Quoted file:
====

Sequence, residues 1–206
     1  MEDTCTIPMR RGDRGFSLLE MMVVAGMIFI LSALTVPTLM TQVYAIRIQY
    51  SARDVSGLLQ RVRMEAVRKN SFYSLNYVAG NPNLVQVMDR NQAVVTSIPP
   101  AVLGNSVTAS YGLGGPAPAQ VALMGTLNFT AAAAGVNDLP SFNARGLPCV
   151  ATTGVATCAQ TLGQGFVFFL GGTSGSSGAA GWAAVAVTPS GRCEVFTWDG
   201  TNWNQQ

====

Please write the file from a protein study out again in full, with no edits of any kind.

Sequence, residues 1–206
     1  MEDTCTIPMR RGDRGFSLLE MMVVAGMIFI LSALTVPTLM TQVYAIRIQY
    51  SARDVSGLLQ RVRMEAVRKN SFYSLNYVAG NPNLVQVMDR NQAVVTSIPP
   101  AVLGNSVTAS YGLGGPAPAQ VALMGTLNFT AAAAGVNDLP SFNARGLPCV
   151  ATTGVATCAQ TLGQGFVFFL GGTSGSSGAA GWAAVAVTPS GRCEVFTWDG
   201  TNWNQQ